Author + information
- Received February 3, 1986
- Revision received April 8, 1986
- Accepted April 18, 1986
- Published online November 1, 1986.
- Amir Pelleg, PhD*,1,
- Hideo Mitamura, MD1,
- Takao Mitsuoka, MD1,
- Eric L. Michelson, MD, FACC1,2 and
- Leonard S. Dreifus, MD, FACC1
- ↵*Address for reprints: Amir Pelleg, MD, Division of Cardiology, The Lankenau Medical Research Center, Lancaster and City Line Avenues, Philadelphia, Pennsylvania 19151.
The effects of adenosine and adenosine 5′-triphosphate (ATP) on ventricular escape rhythms were studied in 16 closed chest dogs after electroablation of the His bundle region. AU dogs exhibited complete atrioventricular (AV) block and stable ventricular escape rhythm with a mean cycle length of 1,210 ± 80 ms and a QRS width of 91 ± 5 ms. Physiologic AV sequential pacing was operative during experiments and was interrupted for rapid (≤1 second) administration of either adenosine or ATP (3 μmol/kg) into the right atrium. Adenosine and ATP effectively depressed ventricular escape rhythms in a similar manner both qualitatively and quantitatively (cycle length from 1,210 ± 80 to 1,764 ± 132 ms and from 1,274 ± 84 to 2,000 ± 150 ms, respectively; each p < 0.01).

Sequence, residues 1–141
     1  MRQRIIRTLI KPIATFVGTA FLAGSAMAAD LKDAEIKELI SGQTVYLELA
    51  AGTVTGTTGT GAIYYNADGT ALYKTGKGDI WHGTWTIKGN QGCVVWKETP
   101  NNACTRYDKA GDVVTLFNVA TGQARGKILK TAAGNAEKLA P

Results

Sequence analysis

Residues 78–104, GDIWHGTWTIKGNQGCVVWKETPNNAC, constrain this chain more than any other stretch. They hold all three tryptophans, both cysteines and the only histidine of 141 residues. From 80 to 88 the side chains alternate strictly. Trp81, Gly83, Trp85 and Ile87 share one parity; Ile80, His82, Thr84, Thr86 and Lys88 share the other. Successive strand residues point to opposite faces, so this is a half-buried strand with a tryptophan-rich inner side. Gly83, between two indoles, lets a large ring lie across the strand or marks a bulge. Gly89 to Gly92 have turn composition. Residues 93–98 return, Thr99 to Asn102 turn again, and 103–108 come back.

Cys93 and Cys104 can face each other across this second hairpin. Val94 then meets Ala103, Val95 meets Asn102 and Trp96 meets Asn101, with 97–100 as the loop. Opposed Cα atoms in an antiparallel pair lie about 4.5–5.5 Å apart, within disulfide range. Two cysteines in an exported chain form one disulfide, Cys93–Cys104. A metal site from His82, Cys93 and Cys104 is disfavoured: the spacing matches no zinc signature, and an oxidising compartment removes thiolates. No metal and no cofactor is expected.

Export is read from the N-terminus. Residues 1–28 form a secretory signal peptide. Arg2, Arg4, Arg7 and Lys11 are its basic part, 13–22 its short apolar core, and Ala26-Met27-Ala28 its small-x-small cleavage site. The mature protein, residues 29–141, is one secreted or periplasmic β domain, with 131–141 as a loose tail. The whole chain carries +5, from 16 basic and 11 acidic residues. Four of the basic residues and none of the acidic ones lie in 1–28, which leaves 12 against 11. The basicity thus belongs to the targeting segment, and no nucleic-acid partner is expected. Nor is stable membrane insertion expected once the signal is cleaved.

These effects were not significantly altered by either physostigmine (an acetylcholinesterase inhibitor) or atropine (a muscarinic cholinergic blocker), but were slightly attenuated by propranolol (a beta-adrenoceptor blocker). In the presence of autonomic blockade, the adenosine transport blocker dipyridamole markedly enhanced the depressant effects of adenosine and ATP. The adenosine competitive antagonist aminophylline reversed the action of dipyridamole. Thus, both adenosine and ATP depress ventricular escape rhythms in vivo, independent of the autonomic nervous system. Moreover, the effects of ATP can be accounted for in large part by its rapid breakdown to adenosine.
- Received February 3, 1986.
- Revision received April 8, 1986.
- Accepted April 18, 1986.
- American College of Cardiology Foundation